View From The Glen

Sunday, October 18, 2009


I've been lost in this book by Anya Seton for the past week or so, reading snatches when I can. But I finished it in peace early this morning, in between raindrops, sitting on the low stone wall under the yellowing maple tree. And when I finished it, I was left with a sense of desperation.

This was not just because of the book, which I shall talk about in a moment, but because (warning: run-on sentence to follow - it nicely captures the sense of panic I feel when I think about this) this book was so good and so well written, and it was written half a century ago yet the first time I'd heard of it was the day I ordered it from the library, and so my desperation stems from the realization that if this book exists, others like it do as well, and I'm left wondering how many great historical novels are still out there that I haven't read and how I'm going to find them all and read them while keeping up with all the great new historical novels that keep getting written.

(This is the point at which my youngest daughter, karate girl Grace, will call out Mokuso and remind me to breathe: in through the nose, out through the mouth.)

Calmed now by breathing exercises, I have to say that this true tale of 14th century romance between John of Gaunt (third son of King Edward III) and young Katherine Swynford nee de Roet was one of the best books and most beautiful love stories I've read. For a complete and cohesive review, you can do no better than read the online one posted by Kit Thomas: Why I love Katherine, who ends her review saying that, "he (John of Gaunt) has dragged me kicking and screaming into the fourteenth century never wholly to return. I hope he and his good Lady Katherine will do the same for you as their story leaves a little warm glow in the heart which never really goes away and the conviction that somewhere, sometimes fairy tales really can come true..."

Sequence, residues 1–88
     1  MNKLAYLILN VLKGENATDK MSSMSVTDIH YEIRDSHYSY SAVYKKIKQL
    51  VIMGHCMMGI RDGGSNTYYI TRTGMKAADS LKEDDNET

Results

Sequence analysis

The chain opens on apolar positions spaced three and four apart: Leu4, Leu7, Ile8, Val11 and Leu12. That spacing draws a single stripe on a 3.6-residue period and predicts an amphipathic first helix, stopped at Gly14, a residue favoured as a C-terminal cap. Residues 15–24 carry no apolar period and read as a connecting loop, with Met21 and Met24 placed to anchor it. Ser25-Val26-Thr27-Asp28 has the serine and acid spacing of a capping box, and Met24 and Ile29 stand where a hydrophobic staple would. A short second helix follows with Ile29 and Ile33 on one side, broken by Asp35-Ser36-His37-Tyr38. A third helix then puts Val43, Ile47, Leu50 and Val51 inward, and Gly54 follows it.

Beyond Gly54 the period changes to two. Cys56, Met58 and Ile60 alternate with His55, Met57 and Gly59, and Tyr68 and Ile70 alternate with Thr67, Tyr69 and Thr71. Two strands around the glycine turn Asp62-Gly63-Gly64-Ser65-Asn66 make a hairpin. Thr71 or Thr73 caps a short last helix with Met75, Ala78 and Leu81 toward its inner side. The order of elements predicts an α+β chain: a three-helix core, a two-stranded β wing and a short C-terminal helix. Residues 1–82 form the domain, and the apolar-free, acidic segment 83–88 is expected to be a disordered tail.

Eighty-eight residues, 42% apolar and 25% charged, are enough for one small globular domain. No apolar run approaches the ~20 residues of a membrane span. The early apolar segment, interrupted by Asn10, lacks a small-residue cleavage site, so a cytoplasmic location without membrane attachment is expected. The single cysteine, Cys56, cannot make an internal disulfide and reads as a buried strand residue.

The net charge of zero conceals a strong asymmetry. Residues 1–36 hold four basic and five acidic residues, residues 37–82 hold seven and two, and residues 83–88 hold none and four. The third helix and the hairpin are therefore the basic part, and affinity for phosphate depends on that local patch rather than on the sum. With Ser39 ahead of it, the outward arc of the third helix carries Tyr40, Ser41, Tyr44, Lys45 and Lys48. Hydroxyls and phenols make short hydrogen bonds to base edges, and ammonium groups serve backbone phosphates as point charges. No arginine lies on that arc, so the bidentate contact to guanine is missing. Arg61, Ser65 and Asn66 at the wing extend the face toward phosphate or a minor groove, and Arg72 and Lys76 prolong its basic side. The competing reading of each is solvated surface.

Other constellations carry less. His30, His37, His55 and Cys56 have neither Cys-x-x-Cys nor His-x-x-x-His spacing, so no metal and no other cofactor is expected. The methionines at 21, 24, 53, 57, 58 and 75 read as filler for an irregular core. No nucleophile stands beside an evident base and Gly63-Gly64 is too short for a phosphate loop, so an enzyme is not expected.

For my own part, suffice it to say that I too have been unrequitably fixated by John of Gaunt since first reading this book. Anya Seton's meticulous research and well crafted story brings him to life against a backdrop of plague, betrayal, and war, and though traditional romantic hero he is not, there is something about his unswerving passion for Katherine that touches the heart and makes this a love story never to forget.


Country Chic Mom said...

Hello fellow rural and yummy mummy!! Thank you for your comment! We are not alone!
Great blog and photos and place by the way!
Country Chic Mom

Leanne Haines said...

I completely identify with your sense of panic! Now I have to FIND THIS BOOK!!!